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A Current Ill-Consequence of Deficit Financing

In my latest column for AIER I do my best to explain that, although the burden of paying for today’s deficit-financed government projects necessarily falls on tomorrow’s citizens-taxpayers, today’s citizens-taxpayers nevertheless typically suffer a genuine burden from deficit financing. A slice:

Suppose, for example, that a majority of today’s citizens-taxpayers in America conclude that it’s a good idea to nationalize the steel industry. Further suppose that a Supreme Court ruling prohibits government from simply seizing steel mills; the Court rules that if government wants to acquire steel mills it must pay market prices for these firms. Finally suppose that upon learning that the market price is $500 billion, Americans today are unwilling to have their taxes raised by this amount for this purpose. If deficit financing were unavailable, the steel industry would remain in private hands.

Deficit financing, however, is available. By borrowing the $500 billion to purchase steel firms, government enables that subset of Americans who support nationalization of the steel industry to achieve their policy goal without having to pay for it. The entire $500 billion will be repaid in the future by citizens-taxpayers not yet born.

But there is nevertheless a burden that emerges in the current period from this deficit-financed policy move – namely, the inefficiencies that immediately arise from the nationalization. The amount of resources consumed to produce each ton of steel rises inefficiently because government bureaucrats have fewer incentives than do private owners to ensure that mills operate efficiently. The costs of this excessive consumption of resources by government-owned steel mills ripple throughout the economy in the form of diminished outputs and higher prices of countless other goods and services.

In this example, nearly all Americans – and even some non-Americans – today suffer an immediate (and ongoing) burden as a consequence of this deficit-financed policy. Some Americans who are so ideologically enamored with the notion of industry nationalization might be content to bear this burden, while many other Americans might remain unaware that the higher prices they experience throughout the economy are a direct result of the nationalization. But the fact remains that, in this example, deficit financing imposes a real burden on the current generation despite the fact that full responsibility for repaying the loan falls only on future generations.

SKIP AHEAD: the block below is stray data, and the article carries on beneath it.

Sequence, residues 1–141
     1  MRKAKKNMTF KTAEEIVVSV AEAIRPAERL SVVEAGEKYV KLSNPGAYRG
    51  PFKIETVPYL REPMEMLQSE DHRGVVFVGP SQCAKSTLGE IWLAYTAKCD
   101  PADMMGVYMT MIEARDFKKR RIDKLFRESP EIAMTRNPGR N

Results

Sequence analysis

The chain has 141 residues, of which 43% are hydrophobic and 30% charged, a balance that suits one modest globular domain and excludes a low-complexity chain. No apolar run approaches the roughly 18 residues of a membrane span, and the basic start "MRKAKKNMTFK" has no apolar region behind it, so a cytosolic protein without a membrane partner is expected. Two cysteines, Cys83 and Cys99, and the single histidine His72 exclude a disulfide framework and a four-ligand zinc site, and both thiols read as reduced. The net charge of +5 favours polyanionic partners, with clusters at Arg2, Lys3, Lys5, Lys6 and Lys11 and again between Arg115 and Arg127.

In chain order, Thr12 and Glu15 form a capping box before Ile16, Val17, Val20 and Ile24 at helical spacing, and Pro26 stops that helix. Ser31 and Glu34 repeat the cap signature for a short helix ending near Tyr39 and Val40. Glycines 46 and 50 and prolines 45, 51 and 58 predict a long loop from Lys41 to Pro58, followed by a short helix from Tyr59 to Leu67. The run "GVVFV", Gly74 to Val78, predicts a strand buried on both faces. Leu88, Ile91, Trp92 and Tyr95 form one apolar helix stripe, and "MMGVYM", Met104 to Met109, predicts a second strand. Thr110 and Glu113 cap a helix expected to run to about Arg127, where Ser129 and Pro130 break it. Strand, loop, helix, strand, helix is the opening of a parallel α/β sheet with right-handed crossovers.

This example of a nationalized steel industry is, of course, hypothetical. But its lessons apply in the real world. For instance, to the extent that government subsidies of farmers and of aircraft producers are funded with borrowed money, similar burdens are created immediately: Resources are diverted from efficient to inefficient uses, causing even today’s citizens-taxpayers to suffer as a result of deficit-financed government programs.

Deficit financing – by enabling people today to free-ride on people tomorrow – allows government to expand its size and reach beyond that which would be obtained if government were required to fund all of its current expenses out of current revenues, with no opportunity for deficit financing. In short, deficit financing paves a path for the unwarranted and wasteful expansion of government activity. Only someone who is convinced that government will undertake only economically worthwhile projects regardless of the means of financing – or someone who doesn’t understand economics – can look favorably upon deficit financing by government.